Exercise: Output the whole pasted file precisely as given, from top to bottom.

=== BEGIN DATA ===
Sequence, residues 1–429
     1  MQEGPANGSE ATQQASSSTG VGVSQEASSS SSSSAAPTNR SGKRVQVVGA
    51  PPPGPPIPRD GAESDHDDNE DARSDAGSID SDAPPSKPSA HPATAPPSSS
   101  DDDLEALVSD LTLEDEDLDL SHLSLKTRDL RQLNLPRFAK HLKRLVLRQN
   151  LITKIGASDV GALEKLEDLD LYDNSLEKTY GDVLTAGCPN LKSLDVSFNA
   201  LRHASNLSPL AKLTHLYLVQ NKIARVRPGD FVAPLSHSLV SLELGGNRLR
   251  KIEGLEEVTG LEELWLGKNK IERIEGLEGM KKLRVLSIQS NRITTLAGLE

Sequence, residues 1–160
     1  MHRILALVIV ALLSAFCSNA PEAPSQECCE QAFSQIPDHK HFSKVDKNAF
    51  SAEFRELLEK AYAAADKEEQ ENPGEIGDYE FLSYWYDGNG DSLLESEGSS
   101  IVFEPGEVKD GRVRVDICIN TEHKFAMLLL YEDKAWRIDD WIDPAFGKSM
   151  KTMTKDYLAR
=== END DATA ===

Sequence, residues 1–429
     1  MQEGPANGSE ATQQASSSTG VGVSQEASSS SSSSAAPTNR SGKRVQVVGA
    51  PPPGPPIPRD GAESDHDDNE DARSDAGSID SDAPPSKPSA HPATAPPSSS
   101  DDDLEALVSD LTLEDEDLDL SHLSLKTRDL RQLNLPRFAK HLKRLVLRQN
   151  LITKIGASDV GALEKLEDLD LYDNSLEKTY GDVLTAGCPN LKSLDVSFNA
   201  LRHASNLSPL AKLTHLYLVQ NKIARVRPGD FVAPLSHSLV SLELGGNRLR
   251  KIEGLEEVTG LEELWLGKNK IERIEGLEGM KKLRVLSIQS NRITTLAGLE

Sequence, residues 1–160
     1  MHRILALVIV ALLSAFCSNA PEAPSQECCE QAFSQIPDHK HFSKVDKNAF
    51  SAEFRELLEK AYAAADKEEQ ENPGEIGDYE FLSYWYDGNG DSLLESEGSS
   101  IVFEPGEVKD GRVRVDICIN TEHKFAMLLL YEDKAWRIDD WIDPAFGKSM
   151  KTMTKDYLAR